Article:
Say What You Mean

Have you ever wondered why we created the world we have and if there is a better way to develop social structures that serve the common good?

I’m discovering that part of the challenge is our language. We speak – and therefore think – in binaries: immigrant or citizen, black or white, good or bad, rich or poor, male or female. When we think in this way, we create an artificial sense that we must choose to be one or the other. Ultimately, we must value one over the other.

The minute we place a value on one OVER the other, we enter into a domination mindset where I want to win, and you need to lose. My power comes from force – from being better/stronger/safer/smarter than you. We can tell the story of much of human history through this simple lens.

I find it all so exhausting. I also find it insane. Literally. This way of relating to one another makes us insane because it forces us into a form of relating that is incongruent with our Sacred design. When asked about the essential teaching of faith, Jesus told his disciples, “Love your neighbor as yourself.” At the core of us, we are wired for compassion, love, empathy, and care for one another.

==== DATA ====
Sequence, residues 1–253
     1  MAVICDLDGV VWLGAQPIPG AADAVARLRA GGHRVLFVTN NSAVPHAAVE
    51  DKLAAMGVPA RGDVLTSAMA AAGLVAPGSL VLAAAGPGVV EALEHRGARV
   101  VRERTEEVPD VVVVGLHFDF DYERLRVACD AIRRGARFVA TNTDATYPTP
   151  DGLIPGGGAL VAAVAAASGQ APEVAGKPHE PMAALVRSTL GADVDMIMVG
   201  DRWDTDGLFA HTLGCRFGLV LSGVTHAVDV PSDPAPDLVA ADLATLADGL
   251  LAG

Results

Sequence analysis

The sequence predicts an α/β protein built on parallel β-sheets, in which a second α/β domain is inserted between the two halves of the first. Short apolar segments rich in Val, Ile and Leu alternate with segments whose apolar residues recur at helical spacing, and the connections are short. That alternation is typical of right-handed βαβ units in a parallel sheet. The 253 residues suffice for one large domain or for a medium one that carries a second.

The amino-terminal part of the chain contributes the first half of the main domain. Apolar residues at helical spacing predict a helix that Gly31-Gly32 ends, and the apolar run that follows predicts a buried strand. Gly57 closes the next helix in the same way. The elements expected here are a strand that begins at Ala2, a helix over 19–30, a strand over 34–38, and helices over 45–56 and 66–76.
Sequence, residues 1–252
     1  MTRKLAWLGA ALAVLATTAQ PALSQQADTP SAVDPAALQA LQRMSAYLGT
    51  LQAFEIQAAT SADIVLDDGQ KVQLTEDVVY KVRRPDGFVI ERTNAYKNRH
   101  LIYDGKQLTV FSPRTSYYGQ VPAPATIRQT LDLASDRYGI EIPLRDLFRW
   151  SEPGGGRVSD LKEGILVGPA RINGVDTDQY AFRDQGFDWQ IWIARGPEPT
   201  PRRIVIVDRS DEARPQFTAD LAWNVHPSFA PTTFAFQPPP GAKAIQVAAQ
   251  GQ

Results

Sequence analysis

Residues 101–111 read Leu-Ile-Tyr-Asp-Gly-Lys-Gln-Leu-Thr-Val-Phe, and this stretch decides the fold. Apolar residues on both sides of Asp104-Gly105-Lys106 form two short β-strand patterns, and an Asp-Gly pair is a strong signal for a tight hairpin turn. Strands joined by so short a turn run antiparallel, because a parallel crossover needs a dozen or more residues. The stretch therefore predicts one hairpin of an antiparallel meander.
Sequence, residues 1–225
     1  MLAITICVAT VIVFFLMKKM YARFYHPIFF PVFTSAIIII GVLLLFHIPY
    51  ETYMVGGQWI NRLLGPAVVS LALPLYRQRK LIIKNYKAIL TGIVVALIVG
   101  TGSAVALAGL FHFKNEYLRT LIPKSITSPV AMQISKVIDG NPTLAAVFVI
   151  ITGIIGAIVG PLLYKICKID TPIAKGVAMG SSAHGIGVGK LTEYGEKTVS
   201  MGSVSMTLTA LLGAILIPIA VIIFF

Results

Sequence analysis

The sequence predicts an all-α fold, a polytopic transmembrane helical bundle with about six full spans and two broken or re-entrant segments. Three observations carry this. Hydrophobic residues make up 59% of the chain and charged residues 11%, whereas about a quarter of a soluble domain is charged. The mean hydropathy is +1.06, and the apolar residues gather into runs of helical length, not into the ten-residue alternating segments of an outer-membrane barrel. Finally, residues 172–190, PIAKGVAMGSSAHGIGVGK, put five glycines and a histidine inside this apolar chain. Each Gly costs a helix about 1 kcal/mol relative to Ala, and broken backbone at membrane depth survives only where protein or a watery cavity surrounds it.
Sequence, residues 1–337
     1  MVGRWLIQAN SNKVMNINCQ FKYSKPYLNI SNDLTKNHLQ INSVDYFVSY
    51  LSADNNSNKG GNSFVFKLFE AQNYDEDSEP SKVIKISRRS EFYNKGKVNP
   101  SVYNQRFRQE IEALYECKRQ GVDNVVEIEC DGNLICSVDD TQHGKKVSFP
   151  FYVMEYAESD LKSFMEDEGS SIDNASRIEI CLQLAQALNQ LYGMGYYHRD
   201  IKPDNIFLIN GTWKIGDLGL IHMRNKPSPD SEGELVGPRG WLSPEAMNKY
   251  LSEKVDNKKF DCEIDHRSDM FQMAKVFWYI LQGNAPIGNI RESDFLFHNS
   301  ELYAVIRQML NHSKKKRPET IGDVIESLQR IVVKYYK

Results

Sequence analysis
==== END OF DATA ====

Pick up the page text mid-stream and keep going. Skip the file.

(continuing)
Riane Eisler is a Holocaust survivor who went on to become a researcher, author, and activist. She founded an organization called The Center of Partnership, where she and her team explore how we might create systems that are more aligned with human thriving.

She challenges our unconscious use of dominating language. She says:

  • Instead of saying ‘Fight injustice,’ say ‘Heal injustice.’
  • Instead of saying ‘Killing time,’ say ‘Filling time.’
  • Instead of saying ‘Killing two birds with one stone,’ say ‘Birthing two birds from one egg.’
  • Instead of saying ‘I really crushed it,’ say ‘I really brought it to life.’

These are little correctives. Until I saw this list, I didn’t see how I created a world through my words that undermined my deepest held values.

We speak our world into existence. As we dream of a more just world for all, perhaps the starting place is speaking of peace, love, grace, and healing. What we say determines what we will see.

We are in this together,


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